Neither method is necessarily wrong - certainly Customer B is going to be almost guaranteed to get the best deal that can be had, but Customer A is going to be happy as well...and if Customer A shops multiple brands or even multiple dealers of the same brand, he can bring any concerns to his chosen dealer and eventually he'll get a similar deal to Customer B anyway -- quite possibly right from the start, depending on the dealer.
 

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2020 V90 Inscription T6 (all options except upgrade stereo and rear wheel air suspension)
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DFrantz said "I generally think most people should factory order and get what they want and it makes comparison quotes easy as the units are identical." I agree. When I decided to purchase my 2020 V90 Inscription T6, I contacted 5 Volvo dealers via email. Gave them my factory order build sheet. Stated that it would not include a trade-in and that I was prepared to self-finance. Requested an "out-the-door" price, and defined this as the amount of money I would write on the check and drive the car off of the lot, adjusting for if/any manufacturer and/or dealer incentives at time of delivery. I also stated that I would expect their quote, if provided, to be a final offer.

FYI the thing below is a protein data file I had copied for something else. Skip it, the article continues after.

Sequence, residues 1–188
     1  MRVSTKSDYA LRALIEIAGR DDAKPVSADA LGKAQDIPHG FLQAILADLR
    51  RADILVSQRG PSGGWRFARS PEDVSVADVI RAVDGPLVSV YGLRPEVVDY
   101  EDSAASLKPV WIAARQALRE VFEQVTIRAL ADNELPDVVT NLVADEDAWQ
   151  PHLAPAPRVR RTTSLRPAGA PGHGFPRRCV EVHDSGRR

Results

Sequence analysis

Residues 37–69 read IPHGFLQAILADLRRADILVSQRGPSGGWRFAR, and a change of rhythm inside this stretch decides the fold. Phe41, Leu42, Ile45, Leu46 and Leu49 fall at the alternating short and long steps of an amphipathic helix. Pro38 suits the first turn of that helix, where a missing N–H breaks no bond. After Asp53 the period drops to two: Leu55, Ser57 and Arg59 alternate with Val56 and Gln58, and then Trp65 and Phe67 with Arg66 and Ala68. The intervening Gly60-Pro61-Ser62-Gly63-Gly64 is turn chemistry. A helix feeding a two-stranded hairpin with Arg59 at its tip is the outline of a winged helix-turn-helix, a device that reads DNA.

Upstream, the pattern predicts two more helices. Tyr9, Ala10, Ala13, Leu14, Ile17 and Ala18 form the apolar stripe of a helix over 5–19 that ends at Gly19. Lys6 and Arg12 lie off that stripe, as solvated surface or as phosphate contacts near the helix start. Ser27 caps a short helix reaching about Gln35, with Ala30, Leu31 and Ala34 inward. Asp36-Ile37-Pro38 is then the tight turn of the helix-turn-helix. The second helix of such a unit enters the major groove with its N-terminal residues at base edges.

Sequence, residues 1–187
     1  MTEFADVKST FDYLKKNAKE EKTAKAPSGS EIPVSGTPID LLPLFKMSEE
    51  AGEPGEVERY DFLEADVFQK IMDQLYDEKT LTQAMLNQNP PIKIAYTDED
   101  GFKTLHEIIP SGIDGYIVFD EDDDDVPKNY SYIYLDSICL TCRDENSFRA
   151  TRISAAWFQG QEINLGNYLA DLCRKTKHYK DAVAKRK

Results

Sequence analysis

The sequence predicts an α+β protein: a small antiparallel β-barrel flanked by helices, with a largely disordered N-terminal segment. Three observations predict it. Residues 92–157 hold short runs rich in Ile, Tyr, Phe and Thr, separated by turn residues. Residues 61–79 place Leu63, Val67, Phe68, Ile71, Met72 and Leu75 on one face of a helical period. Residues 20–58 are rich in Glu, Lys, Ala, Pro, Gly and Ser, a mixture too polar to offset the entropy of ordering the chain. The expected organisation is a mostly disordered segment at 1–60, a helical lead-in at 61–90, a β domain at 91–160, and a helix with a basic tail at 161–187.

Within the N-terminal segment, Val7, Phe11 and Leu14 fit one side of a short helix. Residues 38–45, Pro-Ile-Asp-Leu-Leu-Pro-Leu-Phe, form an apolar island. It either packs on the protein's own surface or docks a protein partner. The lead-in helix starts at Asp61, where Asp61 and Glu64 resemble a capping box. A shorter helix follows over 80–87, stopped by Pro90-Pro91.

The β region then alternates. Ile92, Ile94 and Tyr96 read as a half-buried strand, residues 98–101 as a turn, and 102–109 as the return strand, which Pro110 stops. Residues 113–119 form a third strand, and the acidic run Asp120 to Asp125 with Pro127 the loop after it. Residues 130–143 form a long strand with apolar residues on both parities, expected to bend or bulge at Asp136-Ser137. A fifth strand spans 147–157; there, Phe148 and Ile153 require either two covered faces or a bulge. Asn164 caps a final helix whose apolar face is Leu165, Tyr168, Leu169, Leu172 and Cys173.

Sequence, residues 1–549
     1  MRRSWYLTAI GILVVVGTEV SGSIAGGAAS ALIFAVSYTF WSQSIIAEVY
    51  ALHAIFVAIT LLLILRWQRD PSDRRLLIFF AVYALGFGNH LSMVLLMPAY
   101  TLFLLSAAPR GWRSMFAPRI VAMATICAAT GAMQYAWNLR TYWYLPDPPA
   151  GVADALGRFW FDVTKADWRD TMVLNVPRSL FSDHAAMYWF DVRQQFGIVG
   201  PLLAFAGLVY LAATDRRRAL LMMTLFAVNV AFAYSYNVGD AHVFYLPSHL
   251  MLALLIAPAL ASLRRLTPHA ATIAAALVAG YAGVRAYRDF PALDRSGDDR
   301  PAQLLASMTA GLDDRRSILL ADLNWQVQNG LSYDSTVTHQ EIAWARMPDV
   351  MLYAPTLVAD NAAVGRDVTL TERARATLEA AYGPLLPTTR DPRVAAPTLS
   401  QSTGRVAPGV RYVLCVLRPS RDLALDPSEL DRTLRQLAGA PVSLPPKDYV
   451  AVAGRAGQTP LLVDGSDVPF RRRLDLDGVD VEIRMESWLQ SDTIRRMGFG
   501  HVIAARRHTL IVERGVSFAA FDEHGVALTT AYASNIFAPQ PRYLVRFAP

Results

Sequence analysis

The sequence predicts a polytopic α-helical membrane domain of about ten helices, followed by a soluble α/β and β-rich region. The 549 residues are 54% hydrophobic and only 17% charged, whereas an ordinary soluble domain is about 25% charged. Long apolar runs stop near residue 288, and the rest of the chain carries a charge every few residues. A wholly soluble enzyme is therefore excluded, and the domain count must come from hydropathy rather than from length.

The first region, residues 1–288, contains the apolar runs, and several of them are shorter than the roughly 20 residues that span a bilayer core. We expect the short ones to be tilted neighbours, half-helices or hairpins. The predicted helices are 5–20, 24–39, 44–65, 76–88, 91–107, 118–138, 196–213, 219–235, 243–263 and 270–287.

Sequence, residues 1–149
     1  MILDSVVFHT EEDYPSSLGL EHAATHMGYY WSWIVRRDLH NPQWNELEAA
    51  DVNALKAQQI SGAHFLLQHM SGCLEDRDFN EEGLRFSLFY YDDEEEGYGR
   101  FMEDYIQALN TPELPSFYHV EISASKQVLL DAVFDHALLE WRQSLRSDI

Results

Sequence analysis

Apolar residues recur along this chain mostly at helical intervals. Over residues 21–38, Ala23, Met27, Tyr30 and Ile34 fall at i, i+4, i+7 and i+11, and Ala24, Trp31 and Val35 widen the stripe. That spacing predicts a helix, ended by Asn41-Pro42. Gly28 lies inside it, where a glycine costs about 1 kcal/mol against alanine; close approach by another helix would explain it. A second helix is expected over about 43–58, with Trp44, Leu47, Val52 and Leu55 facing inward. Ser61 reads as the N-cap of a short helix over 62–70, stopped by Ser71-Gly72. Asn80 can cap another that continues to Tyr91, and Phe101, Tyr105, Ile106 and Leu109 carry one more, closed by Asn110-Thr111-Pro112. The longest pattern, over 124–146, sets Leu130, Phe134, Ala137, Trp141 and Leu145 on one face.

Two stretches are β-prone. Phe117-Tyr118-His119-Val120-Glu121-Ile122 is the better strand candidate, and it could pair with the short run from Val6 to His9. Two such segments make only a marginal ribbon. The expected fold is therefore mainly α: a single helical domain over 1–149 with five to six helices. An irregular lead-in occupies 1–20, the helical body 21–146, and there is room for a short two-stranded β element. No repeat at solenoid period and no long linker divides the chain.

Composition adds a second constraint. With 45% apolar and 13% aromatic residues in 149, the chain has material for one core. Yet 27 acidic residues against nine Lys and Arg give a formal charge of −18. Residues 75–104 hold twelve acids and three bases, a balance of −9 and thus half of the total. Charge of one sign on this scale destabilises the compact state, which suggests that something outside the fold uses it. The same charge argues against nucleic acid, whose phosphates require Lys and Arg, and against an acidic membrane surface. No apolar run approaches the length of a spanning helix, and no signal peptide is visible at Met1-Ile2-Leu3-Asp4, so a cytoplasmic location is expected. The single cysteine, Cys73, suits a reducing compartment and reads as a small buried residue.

I received 4 "out-the-door" dealer quotes and disqualified one of those. The disqualified one wasn't really "out-the-door", but merely an offer that could have been further negotiated. I compared the remaining 3 quotes and selected one for purchase.